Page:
Perhaps the radiant is attracted to the energy in our bodies, really don’t know but I can observe the effect. I do not notice this so much on mechanical systems but on SS you can see it quite easily. Just move closer and farther to the coil with a meter hooked up and you will see your meter dip when you get in the field. This is why I no longer hover over my machines when I am running them. Anyway, it is just an observation. That one big spike about ¾ through was me changing out the battery on the meter. I should have turned it off but I just pulled the battery and it made that spike on the chart.

                Here is a picture of the setup after resting for about an hour in the off position.

                Bobssrestingend.jpg

                Final resting voltages
                Primary=11.3 C1=12.4 C2=12.6

                I should note that these batteries usually rest at around 12.7 when coming off a conventional charger as well, so we are darn close to a full charge. These things are huge AGM and they behave a little differently from flooded cells. I maybe could have gone a bit longer since the Pri bounced back to 11.3 but it is what it is.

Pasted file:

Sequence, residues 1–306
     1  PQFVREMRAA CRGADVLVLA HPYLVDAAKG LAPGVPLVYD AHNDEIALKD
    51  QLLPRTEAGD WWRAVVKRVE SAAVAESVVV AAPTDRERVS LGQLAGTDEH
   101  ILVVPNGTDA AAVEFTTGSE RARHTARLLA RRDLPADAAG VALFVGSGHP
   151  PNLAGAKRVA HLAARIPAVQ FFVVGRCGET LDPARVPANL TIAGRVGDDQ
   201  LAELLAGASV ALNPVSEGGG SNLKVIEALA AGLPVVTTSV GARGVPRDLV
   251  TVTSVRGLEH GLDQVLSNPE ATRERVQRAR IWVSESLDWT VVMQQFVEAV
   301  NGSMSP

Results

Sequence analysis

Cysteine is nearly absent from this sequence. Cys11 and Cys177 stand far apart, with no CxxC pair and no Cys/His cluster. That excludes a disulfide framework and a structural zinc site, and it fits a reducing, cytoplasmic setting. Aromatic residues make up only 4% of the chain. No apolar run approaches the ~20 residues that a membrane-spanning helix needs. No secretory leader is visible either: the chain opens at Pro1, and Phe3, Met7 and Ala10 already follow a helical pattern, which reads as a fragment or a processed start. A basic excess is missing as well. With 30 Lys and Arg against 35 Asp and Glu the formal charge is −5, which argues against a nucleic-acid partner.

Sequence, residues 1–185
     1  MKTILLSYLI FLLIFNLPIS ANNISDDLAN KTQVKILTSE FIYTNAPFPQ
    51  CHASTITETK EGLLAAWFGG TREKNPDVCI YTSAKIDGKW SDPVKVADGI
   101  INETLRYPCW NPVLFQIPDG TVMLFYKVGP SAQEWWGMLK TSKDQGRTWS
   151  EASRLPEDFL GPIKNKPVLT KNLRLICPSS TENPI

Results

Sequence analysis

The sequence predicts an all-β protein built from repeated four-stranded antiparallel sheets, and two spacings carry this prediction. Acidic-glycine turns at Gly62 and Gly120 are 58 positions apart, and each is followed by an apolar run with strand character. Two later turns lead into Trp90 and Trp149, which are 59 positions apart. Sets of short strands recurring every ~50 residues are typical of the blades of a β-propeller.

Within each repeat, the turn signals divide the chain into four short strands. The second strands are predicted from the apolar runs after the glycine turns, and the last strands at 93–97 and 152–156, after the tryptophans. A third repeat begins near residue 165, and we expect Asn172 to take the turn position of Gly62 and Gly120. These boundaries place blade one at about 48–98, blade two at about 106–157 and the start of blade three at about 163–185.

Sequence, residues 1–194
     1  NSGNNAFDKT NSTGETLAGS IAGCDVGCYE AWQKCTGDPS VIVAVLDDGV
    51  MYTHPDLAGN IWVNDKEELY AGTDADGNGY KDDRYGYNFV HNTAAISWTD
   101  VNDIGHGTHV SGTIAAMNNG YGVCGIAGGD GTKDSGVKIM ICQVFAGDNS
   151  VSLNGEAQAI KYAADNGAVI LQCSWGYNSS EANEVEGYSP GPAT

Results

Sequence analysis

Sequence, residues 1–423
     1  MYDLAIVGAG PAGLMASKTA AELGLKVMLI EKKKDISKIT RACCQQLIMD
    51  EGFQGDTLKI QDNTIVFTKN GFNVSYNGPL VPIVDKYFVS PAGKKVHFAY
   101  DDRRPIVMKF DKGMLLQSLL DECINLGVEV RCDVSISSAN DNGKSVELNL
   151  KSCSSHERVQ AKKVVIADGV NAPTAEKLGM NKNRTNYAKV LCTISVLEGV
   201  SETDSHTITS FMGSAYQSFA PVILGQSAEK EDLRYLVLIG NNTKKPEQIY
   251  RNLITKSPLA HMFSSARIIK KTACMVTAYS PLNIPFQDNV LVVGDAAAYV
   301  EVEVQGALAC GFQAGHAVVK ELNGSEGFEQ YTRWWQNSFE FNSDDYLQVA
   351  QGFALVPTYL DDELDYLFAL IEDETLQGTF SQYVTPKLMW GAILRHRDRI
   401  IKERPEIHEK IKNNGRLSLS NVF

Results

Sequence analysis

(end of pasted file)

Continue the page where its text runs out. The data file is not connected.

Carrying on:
Ok my friends I am going to keep tinkering with this circuit. I know I can get this tuned better. I wanted to share these results because I do not believe in just posting all success and “look how great I am” kind of material. I started this post just after I had my build ready to run; you are going on this journey along with me. Data is data, whether it looks favorable or not it is important for those of us who are committed to bringing this technology forward. I do not look at this virgin run as a failure at all, just a stepping stone to a better result next time. This machine charges the heck out of smaller batteries but I am shooting for large capacity. Hopefully I can get it there ---Bob

                Comment


                • #9
                  Hi Bob,

                  Nice work. I know it's early days and you're still fine tuning, but are you planning to do some load testing?

                  I'm playing with a SS setup using the same board as you, but only one charge battery at his stage. Still trying to tune it properly but so far getting great results.

                  John K.

                  Comment


                  • #10
                    Hi John,